What's next? As money managers look to commodities as a hedge against rising inflation, the degree of investment is also worth noting. The market valuation of the Wilshire 5000 is almost $39 trillion, while the notional investment in oil commodities is only $34.6 billion, which makes the degree of investment just short of 0.1%. Bond investors worried about rising inflation and eroding purchasing power of their bond portfolio could increasingly look to commodity investment as a potential hedge. The potential for that investment, if conditions warrant, are orders of magnitude higher than seen currently. Even so, oil prices will tend to trade on a combination of physical fundamentals, with an eye simultaneously focused on the paper market. Stay tuned.
5. Carbon price soars on cold weather, EU allocation delays
What's happening? EU carbon emissions allowance prices reached an all-time high of Eur34.86/mt Jan. 7, amid colder than average temperatures across much of Europe as well as a delayed start to carbon auctions and annual free allocation of allowances in 2021. The move came as the fourth trading phase of the EU Emissions Trading System started, with an outlook for tighter supply out to 2030 also supporting longer-term gains.
What's next? The market will be watching closely to see if the rising trend continues. Bullish elements include the ongoing cold snap keeping demand high while supply is curtailed due to daily government auctions remaining on hold. But that could change when auctions resume Jan. 29, bringing supply back into the market. Separately, Platts CORSIA-eligible carbon offset credit (CEC) prices moved up 10 cents to $0.90/mt last week after Democrats took control of the US Senate, suggesting an easier path for President-elect Joe Biden's planned environmental regulatory agenda.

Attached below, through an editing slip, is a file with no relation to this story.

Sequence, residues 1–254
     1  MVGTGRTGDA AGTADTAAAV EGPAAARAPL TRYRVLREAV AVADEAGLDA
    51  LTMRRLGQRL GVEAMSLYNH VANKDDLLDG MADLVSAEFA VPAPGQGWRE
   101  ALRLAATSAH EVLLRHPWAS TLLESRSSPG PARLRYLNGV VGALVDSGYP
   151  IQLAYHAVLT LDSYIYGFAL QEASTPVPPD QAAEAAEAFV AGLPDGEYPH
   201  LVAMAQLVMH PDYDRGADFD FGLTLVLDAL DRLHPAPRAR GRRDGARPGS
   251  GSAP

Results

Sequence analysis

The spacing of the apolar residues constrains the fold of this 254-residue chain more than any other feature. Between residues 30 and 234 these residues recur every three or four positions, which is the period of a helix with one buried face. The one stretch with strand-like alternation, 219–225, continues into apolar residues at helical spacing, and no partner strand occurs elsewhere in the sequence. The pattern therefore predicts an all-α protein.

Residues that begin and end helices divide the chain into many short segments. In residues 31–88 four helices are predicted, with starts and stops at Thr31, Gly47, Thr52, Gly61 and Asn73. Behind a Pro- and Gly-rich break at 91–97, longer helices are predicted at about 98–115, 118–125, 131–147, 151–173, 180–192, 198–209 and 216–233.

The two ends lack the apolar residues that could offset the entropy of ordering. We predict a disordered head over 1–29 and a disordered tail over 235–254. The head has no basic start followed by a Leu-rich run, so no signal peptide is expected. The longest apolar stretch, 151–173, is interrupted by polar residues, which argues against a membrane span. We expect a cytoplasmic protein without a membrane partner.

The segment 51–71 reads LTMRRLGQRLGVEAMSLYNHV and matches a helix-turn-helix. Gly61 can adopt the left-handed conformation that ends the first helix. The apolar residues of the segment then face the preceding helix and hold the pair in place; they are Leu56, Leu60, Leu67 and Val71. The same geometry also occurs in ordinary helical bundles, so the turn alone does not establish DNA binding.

6. Container rates to UK from North Asia hit all-time high
What's happening? Rates jumped 285% from Nov. 30 to Jan 4 for Platts Container Rate 11 (North Asia-to-UK), hitting $10,000/FEU, an all-time high as demand continues to rise while COVID-related delays at UK ports persist and a lack of empty containers plagues the market.
What's next? Strong rates are expected to continue toward the end of the quarter. Labor is expected to return to key Asian exporting hubs after Chinese New Year faster than in previous years to cope with the additional demand. Some carriers are now no longer taking bookings for loaded containers on backhaul routes from the UK and Europe due to the shortage in empty containers in Asia. These carriers hope that only taking empty containers back to Asia will allow them faster turnaround times, which should ease some tightness in the system.
7. December Europe steel mill spreads close in on 2018 record
What's happening? European hot-rolled coil steel to raw material price spreads climbed in December to Eur368/mt ($449), close to the April 2018 record, as higher spot steel prices pushed up indicative profits from converting iron ore and ferrous scrap to steel. Higher steel prices offset higher iron ore costs, while imported coking coal prices in Europe remained weaker in December.
What's next? Higher European steel prices and rising steel mill utilization rates continue to support margins and steel chain activity in the near term. Lead times are still stretched as steel capacity was slower to meet a recovery in orders during the second half of 2020. EU region mills further increased official price offers last month for new orders, with spot NW Europe HRC prices continuing to rise in January. EU pig iron output in November increased to narrow earlier declines during 2020 aided by expectations of recovery from the COVID-19 pandemic. This could eventually lead to greater steel availability and shorter lead times, pushing domestic steel prices back down and limiting demand for imports.
Reporting and analysis by Ira Joseph, Bruno Brunetti, J Robinson, Anthony Starkey, Alan Struth, Hector Forster, George Griffiths, Frank Watson and Stuart Elliott